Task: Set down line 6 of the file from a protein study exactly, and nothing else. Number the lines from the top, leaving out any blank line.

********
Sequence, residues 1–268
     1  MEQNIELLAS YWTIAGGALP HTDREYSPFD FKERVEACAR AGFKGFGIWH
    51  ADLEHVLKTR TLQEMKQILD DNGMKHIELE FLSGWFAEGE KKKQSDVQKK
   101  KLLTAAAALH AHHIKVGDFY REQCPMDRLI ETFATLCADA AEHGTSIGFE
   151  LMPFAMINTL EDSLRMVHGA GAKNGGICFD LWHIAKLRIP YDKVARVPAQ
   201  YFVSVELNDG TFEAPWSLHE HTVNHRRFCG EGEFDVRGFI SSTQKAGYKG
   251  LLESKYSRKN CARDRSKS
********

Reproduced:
   201  YFVSVELNDG TFEAPWSLHE HTVNHRRFCG EGEFDVRGFI SSTQKAGYKG